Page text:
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SHIVNABH, RAJA, was, according to the Janam Sakhi tradition, a Ceylonese king who became a devotee of Guru Nanak. It was a merchant of Lahore, Bhai Mansukh, who during a visit to Ceylon, then known as Sinhaldvip, had impressed the king with his conduct as well as with the account of what he described as his perfect Guru, Nanak. Shivnabh became interested in Guru Nanak and was anxious to see him. But Mansukh advised him to meditate on the Guru and wait for him in Ceylon itself. Since then the Raja had awaited the Guru`s coming. Guru Nanak travelled to the far of "Singhal dip" (Sinhaldvip, the island of the Sinhalese) accompanied according to Puratan Janam Sakhi by two disciples, Saido and Siho.

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All About Sikhs

AllAboutSikhs is a comprehensive web site on sikhism, sikh history and philosophy, customs and rituals,sikh way of life, social and religious movements, art and architecture, sikh scriptures,sikh gurudwaras. Based on the belief in One God, the Sikh religion recognizes the equality of all human beings, and is marked by rejection of idolatry, ritualism, caste and asceticism. This website serves to heighten the awareness of Sikhism and hopefully can be of some use to seekers of knowledge.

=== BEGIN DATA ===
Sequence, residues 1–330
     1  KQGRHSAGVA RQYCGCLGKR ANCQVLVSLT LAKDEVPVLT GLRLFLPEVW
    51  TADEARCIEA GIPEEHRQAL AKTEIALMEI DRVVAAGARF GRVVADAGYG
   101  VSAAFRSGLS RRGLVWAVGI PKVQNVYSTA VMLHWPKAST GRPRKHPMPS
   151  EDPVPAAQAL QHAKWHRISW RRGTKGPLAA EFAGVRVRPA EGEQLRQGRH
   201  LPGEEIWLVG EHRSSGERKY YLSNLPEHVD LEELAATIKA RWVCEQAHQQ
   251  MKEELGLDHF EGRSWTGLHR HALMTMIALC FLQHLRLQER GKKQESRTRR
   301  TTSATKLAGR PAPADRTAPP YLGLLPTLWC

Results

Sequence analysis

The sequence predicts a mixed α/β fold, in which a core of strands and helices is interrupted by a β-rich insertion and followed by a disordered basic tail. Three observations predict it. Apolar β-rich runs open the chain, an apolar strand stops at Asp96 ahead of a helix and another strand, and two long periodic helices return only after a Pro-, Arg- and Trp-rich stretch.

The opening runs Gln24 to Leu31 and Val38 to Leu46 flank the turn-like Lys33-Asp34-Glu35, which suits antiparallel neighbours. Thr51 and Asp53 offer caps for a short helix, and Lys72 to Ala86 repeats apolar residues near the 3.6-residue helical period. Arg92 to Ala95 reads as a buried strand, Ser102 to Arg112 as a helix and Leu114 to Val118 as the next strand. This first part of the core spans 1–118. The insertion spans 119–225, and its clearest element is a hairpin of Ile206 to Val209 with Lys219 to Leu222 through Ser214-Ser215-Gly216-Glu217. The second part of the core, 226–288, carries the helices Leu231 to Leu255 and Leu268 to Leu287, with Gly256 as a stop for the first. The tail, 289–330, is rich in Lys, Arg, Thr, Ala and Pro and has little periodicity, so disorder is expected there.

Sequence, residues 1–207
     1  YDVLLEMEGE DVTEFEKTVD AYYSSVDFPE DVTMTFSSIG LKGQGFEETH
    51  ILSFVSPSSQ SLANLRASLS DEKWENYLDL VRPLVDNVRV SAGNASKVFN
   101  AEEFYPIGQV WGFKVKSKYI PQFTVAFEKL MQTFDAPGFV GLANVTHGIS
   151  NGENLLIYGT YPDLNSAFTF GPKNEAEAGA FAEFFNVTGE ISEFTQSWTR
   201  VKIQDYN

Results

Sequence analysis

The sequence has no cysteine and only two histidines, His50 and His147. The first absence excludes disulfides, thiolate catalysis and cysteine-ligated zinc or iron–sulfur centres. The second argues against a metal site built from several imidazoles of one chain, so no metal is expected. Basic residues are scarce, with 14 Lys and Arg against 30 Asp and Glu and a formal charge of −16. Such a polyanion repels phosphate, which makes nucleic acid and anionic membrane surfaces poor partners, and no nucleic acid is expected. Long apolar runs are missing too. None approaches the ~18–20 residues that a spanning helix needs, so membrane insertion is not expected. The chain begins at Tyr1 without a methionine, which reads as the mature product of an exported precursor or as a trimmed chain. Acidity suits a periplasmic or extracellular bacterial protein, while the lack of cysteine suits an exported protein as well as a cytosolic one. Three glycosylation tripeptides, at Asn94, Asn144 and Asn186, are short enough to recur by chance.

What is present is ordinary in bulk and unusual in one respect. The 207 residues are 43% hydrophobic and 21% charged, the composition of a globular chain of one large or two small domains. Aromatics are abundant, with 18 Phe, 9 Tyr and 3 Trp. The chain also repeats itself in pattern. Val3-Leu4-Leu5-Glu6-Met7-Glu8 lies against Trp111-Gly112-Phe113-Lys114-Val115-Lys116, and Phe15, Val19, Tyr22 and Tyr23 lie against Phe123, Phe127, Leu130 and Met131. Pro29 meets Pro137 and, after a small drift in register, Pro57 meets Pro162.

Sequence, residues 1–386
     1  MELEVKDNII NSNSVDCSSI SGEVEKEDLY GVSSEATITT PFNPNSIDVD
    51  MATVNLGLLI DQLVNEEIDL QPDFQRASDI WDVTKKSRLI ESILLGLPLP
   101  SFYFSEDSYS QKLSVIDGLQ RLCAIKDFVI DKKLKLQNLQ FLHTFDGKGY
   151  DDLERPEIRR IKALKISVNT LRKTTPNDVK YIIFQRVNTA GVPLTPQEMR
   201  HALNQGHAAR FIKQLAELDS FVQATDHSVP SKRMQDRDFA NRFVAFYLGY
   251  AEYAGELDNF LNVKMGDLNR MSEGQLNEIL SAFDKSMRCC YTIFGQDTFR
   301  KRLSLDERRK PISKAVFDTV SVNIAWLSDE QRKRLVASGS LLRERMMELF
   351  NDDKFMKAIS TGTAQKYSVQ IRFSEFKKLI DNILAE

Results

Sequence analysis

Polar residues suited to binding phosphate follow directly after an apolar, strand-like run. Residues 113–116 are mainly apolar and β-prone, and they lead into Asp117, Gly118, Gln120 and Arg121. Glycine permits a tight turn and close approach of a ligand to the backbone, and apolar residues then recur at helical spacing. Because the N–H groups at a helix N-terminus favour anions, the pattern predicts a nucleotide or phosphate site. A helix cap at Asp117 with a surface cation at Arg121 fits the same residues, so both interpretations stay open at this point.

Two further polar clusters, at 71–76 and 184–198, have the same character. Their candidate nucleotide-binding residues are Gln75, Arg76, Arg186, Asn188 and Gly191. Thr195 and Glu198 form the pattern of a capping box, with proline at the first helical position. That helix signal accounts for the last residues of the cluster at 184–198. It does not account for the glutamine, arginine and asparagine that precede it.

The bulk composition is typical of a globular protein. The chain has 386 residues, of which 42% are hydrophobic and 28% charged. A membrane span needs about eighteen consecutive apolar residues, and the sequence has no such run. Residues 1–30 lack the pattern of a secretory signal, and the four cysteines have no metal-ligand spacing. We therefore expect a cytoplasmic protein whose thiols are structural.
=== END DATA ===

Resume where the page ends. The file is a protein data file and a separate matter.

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Search Gurbani

SearchGurbani brings to you a unique and comprehensive approach to explore and experience the word of God. It has the Sri Guru Granth Sahib Ji, Amrit Kirtan Gutka, Bhai Gurdaas Vaaran, Sri Dasam Granth Sahib and Kabit Bhai Gurdas. You can explore these scriptures page by page, by chapter index or search for a keyword. The Reference section includes Mahankosh, Guru Granth Kosh,and exegesis like Faridkot Teeka, Guru Granth Darpan and lot more.

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World Gurudwaras

World Gurudwaras will strive to be most comprehensive directory of Historical Gurudwaras and Non Historical Gurudwaras around the world.The etymology of the term 'gurdwara' is from the words 'Gur (ਗੁਰ)' (a reference to the Sikh Gurus) and 'Dwara (ਦੁਆਰਾ)' (gateway in Gurmukhi), together meaning 'the gateway through which the Guru could be reached'. Thereafter, all Sikh places of worship came to be known as gurdwaras.

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